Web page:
Is Pardew living on borrowed time at Newcastle?

Posted by Marc Duffy

Serena Taylor/Newcastle United/Getty ImagesAlan Pardew's Newcastle will get a week's worth of rest before their next fixture versus Aston Villa.

Times are tough for Newcastle manager Alan Pardew. His team's form is abysmal, again, and the more games that roll by, the more supporters he loses.

After their 4-0 thrashing at home to Tottenham on Wednesday night, Pardew has ten days to take stock of the situation and fix it -- a home defeat to Aston Villa in Newcastle's next fixture could prove to be the end of a reign in which the only consistency has been the inconsistency of his side.

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First, he should perhaps consider that his constant references to owner Mike Ashley are something that infuriates many of the club's loyal fans.

After Newcastle beat Chelsea at St James' Park back in November, Pardew proudly stated "This win is for Mike Ashley". He said that knowing full well what the supporters would make of it. Before the Tottenham game (his 150th in charge of NUFC) he said, "I've had days when the owner and fans could easily have made things even more difficult than they have" -- thanking the owner for his patience.

Pardew might believe that his relationship with Ashley is more vital than what the fans think of him, but he's wrong. If he loses all support (and he is in danger of doing so) then his position will be untenable.

He lost a lot of support on the back of his side's terrible 2012-13 season and the tiresome array of excuses he constantly trotted out. But still a large number of supporters sat on the proverbial fence, uncertain as to what they really thought of the man who was picking their team. After a solid start to this season, many fans were back onside. But another catastrophic run has made some less certain than ever. Some of Pardew's most ardent supporters are beginning to wonder. He has lost the support of thousands altogether.

It's not just the results though. If Pardew publicly reflected the fans' disappointment over the sale of Yohan Cabaye and a lack of incoming reinforcements, then he would have gained some credibility. Instead, Pardew is toeing the company line and to me this makes him entirely complicit rather than the "nice guy working in impossible circumstances" viewpoint of others.

It is not just Ashley who Pardew seems reluctant to stand up to, either. His failure to tackle his "regulars" is astonishing. The Newcastle Evening Chronicle reported that Pardew was furious after the Spurs game and that he saved much of it for Sylvain Marveaux and Hatem Ben Arfa -- both of whom are bit part players and who didn't take the field until the game was just about gone! Ludicrous.

Perhaps he is scared of alienating his regulars as he has so few players to pick from? Even that is unacceptable given the pathetic, heartless performances they've repaid his faith with. As for Moussa Sissoko walking off the field after the Spurs hammering with a big grin on his face.....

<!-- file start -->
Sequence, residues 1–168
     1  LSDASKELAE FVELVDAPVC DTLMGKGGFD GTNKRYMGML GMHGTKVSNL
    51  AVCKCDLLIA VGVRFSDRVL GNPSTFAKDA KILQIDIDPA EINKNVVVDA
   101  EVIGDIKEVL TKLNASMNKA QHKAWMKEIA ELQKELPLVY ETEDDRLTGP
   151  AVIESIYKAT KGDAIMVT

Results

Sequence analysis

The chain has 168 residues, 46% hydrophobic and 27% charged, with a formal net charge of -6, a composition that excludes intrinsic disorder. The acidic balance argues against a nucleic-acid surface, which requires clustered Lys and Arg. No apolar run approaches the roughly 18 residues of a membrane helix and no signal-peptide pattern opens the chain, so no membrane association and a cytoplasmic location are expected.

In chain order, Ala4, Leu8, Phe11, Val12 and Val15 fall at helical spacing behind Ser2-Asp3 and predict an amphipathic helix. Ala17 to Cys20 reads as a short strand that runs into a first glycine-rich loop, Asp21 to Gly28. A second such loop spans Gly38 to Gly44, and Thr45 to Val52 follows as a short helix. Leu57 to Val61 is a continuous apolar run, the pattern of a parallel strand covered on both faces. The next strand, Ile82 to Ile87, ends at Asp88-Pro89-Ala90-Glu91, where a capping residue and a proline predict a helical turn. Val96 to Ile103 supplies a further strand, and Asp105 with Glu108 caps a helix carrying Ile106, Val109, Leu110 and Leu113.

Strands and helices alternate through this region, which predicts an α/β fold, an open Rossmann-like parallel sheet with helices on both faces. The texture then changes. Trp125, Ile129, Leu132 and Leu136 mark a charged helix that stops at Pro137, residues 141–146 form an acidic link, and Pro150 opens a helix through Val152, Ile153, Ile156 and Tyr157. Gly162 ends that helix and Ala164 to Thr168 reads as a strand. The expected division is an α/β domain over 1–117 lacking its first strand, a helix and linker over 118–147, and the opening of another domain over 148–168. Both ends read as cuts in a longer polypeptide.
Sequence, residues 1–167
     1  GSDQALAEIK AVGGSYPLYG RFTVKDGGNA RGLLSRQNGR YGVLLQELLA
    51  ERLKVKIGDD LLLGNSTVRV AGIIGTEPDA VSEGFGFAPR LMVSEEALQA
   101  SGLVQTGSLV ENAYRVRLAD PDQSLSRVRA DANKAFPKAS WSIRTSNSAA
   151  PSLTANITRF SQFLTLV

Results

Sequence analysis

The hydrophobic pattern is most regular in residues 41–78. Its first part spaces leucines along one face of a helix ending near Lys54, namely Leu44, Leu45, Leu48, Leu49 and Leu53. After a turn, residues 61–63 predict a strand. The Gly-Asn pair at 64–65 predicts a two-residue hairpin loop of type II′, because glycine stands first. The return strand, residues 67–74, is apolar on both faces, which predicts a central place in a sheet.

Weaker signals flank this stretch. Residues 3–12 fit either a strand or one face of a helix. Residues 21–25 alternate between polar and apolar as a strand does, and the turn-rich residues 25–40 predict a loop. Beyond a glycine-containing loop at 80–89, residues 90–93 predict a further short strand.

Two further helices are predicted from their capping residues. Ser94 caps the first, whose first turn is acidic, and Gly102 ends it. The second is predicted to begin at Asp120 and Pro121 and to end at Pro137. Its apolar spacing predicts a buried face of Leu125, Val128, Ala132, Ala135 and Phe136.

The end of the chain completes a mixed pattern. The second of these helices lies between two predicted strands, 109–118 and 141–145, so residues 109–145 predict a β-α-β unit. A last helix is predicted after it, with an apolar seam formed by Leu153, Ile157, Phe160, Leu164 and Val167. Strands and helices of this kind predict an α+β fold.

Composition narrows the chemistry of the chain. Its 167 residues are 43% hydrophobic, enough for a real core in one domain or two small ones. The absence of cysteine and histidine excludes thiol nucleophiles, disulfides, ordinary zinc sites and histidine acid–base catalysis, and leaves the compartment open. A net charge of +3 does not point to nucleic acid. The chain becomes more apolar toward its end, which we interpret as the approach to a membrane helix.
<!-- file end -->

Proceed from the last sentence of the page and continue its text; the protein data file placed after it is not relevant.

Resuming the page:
To many people outside of Newcastle, Pardew still has a solid reputation. National sports radio stalwarts Paul Hawksbee and Andy Jacobs discussed this with journalist Patrick Barclay on Thursday. The view from the outside. If Pardew wants to maintain and grow this reputation, he needs to get out of Tyneside before even they see through the cracks. Then again, he does have his ludicrously long contract to fall back on -- perhaps he doesn't give two jots about his reputation?

Is Alan Pardew a good manager? At times he has demonstrated some great tactical nous, but there are major motivational and tactical flaws that he cannot (or will not) address:

Newcastle haven't turned around a halftime deficit under his tenure. They have, however, lost from several winning positions.

Newcastle are usually terrible for the first 20-plus minutes of second halves.

Their corner taking has been absolutely abysmal for years.

Derby results also suggest Pardew has trouble getting his team and tactics right for such big games.

The oft tried and always failed "diagonal ball to [Mike] Williamson" set piece routine.

Tactics -- the long ball game vs immobile but aerially dominant centre-halves like Wes Brown and John O'Shea! Really?

And most worryingly of all is the regression of players under his "guidance". This is so bad that a term has grown for it. Some players have been "Pardewed" -- see Papiss Cisse, Ben Arfa, Mapou Yanga-Mbiwa, Marveaux, Davide Santon, Sissoko and the club's youth players for reference.

"But ninth is not bad!" Cry some. It's not great either. Add the annual, pathetic cup displays to it and it is bad. The phrase "papering over the cracks" springs to mind.

"But who would want to manage Newcastle and work for Ashley?" They ask. While it is a valid point that Pardew is only one part of the problems at the club, the people asking these questions seem to share the belief of the owner that Newcastle are not a large club with a huge supporter base and incredible commercial earning potential. The same people who claimed that relegation was a "good thing" for the club. Amazing.

Besides, any manager who delivered silverware to Newcastle for the first time in half a century would be immortalized -- a hero forever.

Talk your club up, don't just do it down because your owner and manager tell you that "we can't compete with Southampton".

And always remember that you will still be there supporting the club long after Pardew and Ashley are gone.

Twitter: @MarcSDuffy

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